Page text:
Consumer electronics companies including Apple, Nokia and Sony, maybe softening their stance against a Europe-wide copyright levy on “the sale of products that can be used to copy music, books, films and other protected content”, reports the Financial Times.
Currently 22 out of 27 European countries already enforce the so-called ‘iPod tax’, at greatly varying levels, on products ranging from digital music players, printers, mobile phones and even blank CDs. Notably, the UK doesn’t currently enforce any kind of copyright levy. The charges are designed to compensate for the losses copyright owners may face from “private copying” of works.
Also see: Will 2008 be the year of the music tax?
Despite traditionally apposing such charges, often through legal action, on the basis that they force European consumers to pay over the odds for goods, device makers have indicated in a letter to the European Commission that they are willing to “explore new ways forward”. Technology companies may agree to a levy, according to the FT, as long as it is harmonized across the whole of Europe. The European Commission’s internal market and services directorate is hosting a public hearing on the topic today.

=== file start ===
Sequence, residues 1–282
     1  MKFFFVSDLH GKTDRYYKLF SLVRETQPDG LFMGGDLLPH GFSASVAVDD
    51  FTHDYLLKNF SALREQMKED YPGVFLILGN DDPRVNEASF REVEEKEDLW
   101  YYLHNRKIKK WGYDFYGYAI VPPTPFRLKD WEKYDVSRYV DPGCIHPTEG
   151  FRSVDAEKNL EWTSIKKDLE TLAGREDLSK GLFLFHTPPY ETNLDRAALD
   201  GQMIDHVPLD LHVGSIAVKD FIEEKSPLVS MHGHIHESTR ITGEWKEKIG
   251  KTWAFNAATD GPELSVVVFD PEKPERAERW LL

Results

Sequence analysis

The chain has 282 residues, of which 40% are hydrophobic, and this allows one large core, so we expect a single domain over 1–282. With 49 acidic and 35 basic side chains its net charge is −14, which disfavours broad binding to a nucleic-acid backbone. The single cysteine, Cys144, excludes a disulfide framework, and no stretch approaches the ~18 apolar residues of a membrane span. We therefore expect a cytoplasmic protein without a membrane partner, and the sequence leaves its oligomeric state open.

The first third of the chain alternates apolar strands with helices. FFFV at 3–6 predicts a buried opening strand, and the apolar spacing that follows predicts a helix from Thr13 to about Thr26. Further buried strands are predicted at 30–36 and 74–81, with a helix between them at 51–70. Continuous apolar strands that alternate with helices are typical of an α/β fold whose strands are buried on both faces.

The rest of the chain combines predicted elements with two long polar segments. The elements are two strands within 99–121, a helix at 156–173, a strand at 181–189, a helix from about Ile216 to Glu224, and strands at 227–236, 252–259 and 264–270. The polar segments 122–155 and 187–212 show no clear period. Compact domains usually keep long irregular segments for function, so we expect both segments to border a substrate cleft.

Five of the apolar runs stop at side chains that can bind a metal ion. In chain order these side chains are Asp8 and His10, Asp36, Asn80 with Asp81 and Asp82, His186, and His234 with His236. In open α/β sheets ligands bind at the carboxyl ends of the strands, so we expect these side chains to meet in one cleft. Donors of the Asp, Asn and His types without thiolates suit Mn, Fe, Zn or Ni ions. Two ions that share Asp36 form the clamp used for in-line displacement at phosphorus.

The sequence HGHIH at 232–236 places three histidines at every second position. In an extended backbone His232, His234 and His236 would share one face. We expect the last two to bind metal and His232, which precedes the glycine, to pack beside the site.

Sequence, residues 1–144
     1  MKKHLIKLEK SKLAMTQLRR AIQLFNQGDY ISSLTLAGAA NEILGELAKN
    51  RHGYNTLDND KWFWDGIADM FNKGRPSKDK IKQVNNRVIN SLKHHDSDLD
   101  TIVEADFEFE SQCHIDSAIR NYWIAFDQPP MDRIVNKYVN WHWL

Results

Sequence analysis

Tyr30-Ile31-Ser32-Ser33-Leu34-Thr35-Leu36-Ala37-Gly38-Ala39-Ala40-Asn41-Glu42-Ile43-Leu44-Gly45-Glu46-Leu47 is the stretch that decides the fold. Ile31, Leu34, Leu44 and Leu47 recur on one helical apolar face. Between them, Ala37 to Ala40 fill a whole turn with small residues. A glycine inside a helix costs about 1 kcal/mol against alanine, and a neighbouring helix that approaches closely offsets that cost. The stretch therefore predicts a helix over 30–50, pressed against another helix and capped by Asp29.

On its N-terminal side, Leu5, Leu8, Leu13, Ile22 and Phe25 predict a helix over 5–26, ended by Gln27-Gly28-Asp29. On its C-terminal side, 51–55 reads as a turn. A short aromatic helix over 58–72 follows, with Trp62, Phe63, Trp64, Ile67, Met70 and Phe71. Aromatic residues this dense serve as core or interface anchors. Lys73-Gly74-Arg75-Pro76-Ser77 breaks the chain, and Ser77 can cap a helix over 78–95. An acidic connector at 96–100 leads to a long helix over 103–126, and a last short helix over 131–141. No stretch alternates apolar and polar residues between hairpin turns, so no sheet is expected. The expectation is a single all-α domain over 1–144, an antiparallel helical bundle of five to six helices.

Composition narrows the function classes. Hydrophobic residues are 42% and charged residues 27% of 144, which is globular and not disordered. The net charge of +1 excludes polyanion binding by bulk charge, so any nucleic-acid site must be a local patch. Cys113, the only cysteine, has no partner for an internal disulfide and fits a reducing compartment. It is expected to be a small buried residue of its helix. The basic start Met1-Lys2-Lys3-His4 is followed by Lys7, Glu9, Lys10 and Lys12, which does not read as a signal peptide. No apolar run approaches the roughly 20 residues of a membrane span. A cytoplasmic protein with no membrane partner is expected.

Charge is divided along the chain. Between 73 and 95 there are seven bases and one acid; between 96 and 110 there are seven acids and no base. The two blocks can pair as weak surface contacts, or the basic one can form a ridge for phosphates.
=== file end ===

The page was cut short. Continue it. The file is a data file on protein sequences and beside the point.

Guaranteed revenue streams
The European-style ‘iPod tax’ is just one of a number of attempts by copyright holders, in particular the music industry, to establish a guaranteed revenue stream in the face of dwindling sales which are being blamed on piracy. Last September we reported that Universal was touting its Total Music scheme in which customers of ISPs and cellphone carriers would be charged a flat-rate fee as part of their data service plan, in exchange for the right to download and share the label’s music over the network. More recently, Warner Music is said to be pushing a similar idea.
However, Europe’s copyright levy differs in once crucial aspect. It doesn’t appear to offer immunity in regards to Internet filesharing but is designed to compensate for “private copying” only, the definition of which is unclear. Private copying may simply be another name for placeshifting of content, such as ripping a CD you already own to the MP3 format for transfer to an iPod, which in our eyes should already be covered by fair use.
What do you think of the so-called ‘iPod tax’ and, more generally, would you be willing to pay a flat-rate fee in return for immunity against music filesharing?